Rajat Sharma

How long should people wait to get basic health facilities?

KHToday I would like to focus on two key issues relating to public health. The first one relates to recycling of used hospital gloves, masks and syringes from medical waste, and the second relates to our crumbling rural health infrastructure. These need to be addressed at a time when India has to gear up to face, what is being called the Third Wave of pandemic that is going to swamp us.

Already the Second Wave is on the wane, with daily fresh cases declining to 1.86 lakhs on Thursday and active case load falling to 23.4 lakhs. More than 2.59 lakh Covid patients were discharged on Thursday after full recovery. So, the recovery rate is now at 90.34 per cent, which is a satisfactory trend.

At a time, when most of the people in cities across India are indoors due to lockdown enforced by state governments, and people practising Covid guidelines strictly, there are fraudsters who are playing with public health, by recycling medical waste and selling them in markets. On Thursday, Delhi Police arrested three persons with a huge stock of 850 kg gloves, that were used in hospitals, thrown as medical waste, picked up, cleaned, recycled and packed for resale in West Delhi. This stock was seized from two flats in Dabri and Bindapur. The police raid was conducted on the basis of information received from an informer.

Gloves, masks, syringes and Covid test kits are key tools to counter the pandemic. The recycled gloves that were seized could have been worn by doctors while performing surgeries, or by Covid patients, or by health care workers while tending to Covid infected people. These gloves were thrown as medical waste, but unscrupulous traders decided to make a killing by recycling them. Clearly they are playing a dangerous game with public health.

A few weeks ago, we showed in ‘Aaj Ki Baat’, how cotton strings used in Covid test kits were being prepared unhygienically by women and children in a slum area in Ulhasnagar near Mumbai. The local administration conducted raids and seized all the stocks, apart from checking with diagnostic centres who may have bought these kits.

The recycled gloves that were seized by police on Thursday were collected from medical waste sent by Delhi hospitals. The number of such recycled gloves ran into lakhs. Just imagine the risks faced by people who buy and wear these recycled gloves. Stringent action should also be taken against unscrupulous shopkeepers who purchase these gloves from traders and sell them at cheap rates. They must be hauled up by law enforcers and the most stringent laws must be used against them. We cannot allow such traders to spread the deadly virus.

And now to the second topic: our crumbling rural health infrastructure. In ‘Aaj Ki Baat’ on Thursday night, we showed visuals of a hospital campus with leaky roof and falling plaster. During monsoon rains, doctors and nurses sit at their tables with umbrellas over their head, while patients also use umbrellas to protect them from rain water.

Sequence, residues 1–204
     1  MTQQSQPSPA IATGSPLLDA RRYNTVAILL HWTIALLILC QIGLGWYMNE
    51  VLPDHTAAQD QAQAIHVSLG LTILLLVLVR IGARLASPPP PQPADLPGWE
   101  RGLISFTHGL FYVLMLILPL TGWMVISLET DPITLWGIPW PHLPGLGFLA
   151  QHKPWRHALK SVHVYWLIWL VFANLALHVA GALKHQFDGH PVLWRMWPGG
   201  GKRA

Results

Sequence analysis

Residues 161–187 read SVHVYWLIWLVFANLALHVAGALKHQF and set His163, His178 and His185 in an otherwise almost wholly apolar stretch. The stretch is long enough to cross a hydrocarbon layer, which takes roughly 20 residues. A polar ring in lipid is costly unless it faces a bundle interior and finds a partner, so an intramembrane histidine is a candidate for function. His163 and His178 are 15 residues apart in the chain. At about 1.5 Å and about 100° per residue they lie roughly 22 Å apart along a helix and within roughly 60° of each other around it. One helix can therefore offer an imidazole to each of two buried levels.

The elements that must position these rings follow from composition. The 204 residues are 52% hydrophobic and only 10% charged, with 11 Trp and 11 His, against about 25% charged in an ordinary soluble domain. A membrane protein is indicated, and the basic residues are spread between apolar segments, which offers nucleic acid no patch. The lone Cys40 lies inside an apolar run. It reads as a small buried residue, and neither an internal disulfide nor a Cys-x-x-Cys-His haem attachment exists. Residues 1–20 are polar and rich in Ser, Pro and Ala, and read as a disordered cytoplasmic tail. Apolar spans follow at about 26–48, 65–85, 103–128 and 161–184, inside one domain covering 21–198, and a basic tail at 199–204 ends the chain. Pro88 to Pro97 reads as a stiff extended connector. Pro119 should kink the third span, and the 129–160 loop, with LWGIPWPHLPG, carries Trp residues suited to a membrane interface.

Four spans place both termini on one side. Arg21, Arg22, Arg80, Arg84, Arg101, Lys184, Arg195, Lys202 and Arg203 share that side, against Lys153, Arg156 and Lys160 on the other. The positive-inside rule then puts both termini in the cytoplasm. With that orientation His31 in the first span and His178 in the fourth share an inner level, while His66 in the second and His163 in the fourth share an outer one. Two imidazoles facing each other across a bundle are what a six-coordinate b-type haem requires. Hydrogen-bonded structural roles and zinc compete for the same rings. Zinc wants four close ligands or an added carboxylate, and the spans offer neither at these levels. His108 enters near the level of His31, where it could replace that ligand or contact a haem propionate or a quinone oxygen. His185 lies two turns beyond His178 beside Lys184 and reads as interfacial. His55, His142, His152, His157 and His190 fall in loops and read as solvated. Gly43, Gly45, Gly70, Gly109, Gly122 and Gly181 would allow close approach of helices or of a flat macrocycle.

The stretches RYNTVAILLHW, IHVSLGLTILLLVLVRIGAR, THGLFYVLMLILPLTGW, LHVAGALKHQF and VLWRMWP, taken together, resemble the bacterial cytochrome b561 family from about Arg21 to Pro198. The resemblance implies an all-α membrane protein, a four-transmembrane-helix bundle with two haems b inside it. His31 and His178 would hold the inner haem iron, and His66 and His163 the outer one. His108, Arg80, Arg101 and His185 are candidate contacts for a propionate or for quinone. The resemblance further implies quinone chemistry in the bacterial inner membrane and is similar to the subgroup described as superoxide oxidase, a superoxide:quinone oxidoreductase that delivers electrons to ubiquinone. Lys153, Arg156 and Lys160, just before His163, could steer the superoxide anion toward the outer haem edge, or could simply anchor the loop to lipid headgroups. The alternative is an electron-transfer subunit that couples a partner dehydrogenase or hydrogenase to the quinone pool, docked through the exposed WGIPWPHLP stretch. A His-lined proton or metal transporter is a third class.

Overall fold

This hospital is named Jan Nayak Karpoori Thakur Referral Hospital in Tajpur of Bihar’s Samastipur district. Our reporter Gonika Arora is presently touring Bihar, and she sent us visuals of the decrepit building in which this hospital is working. A ‘referral hospital’ in medical parlance is one where patients are referred to by doctors working in primary health centres and district hospitals. It is supposed to be a multi-speciality hospital. Our reporter noticed plaster peeling off from ceilings held in place by iron beams. The building can collapse any moment, and yet this is an ‘operational’ hospital in the records of the state health department.

When our reporter spoke to senior health officials about the state of this hospital, they nodded their heads and promised ‘to look into the matter’. These officials, who adorn senior posts in the state health department, are supposed to ensure that the hospital is in proper working condition. They are being paid for this, but they displayed a strangely nonchalant attitude.

This is not a solitary case. There are similar hospitals in Darbhanga, Madhubani and other districts of Bihar. In health centres, where human beings are supposed to be treated, cattle have been tied to the posts. In centres, where doctors should have been working, buffaloes occupy their spaces.

In the Samastipur hospital, doctors are there, but it seems all arrangements have been made for early death of patients, with leaky roof and plasters peeling off from ceilings. There is garbage all around and the poor patients literally live in a state of fear. Doctors, too, are a helpless and harassed lot.

The question is: Will it be proper to name a health facility as a hospital or health centre, where the ceilings are ready to fall and cattle are tied? Do the senior doctors working in the state health department have even a modicum of shame? Chief Minister Nitish Kumar has been ruling the state for the last 15 years, and his government must be made accountable.

Our reporter Gonika Arora while sending the visuals commented that she felt ashamed by calling this a hospital. On the contrary, the top guns working in the state health department should feel shame, those who have been ruling Bihar for the last 15 years should be ashamed.

Just imagine, this is the state of hospitals and health centres in Bihar and the state is supposed to be tackling the Covid pandemic. How can the lives of people be saved? The biggest question is: When will all the citizens of India get basic health facilities? How long should they wait?

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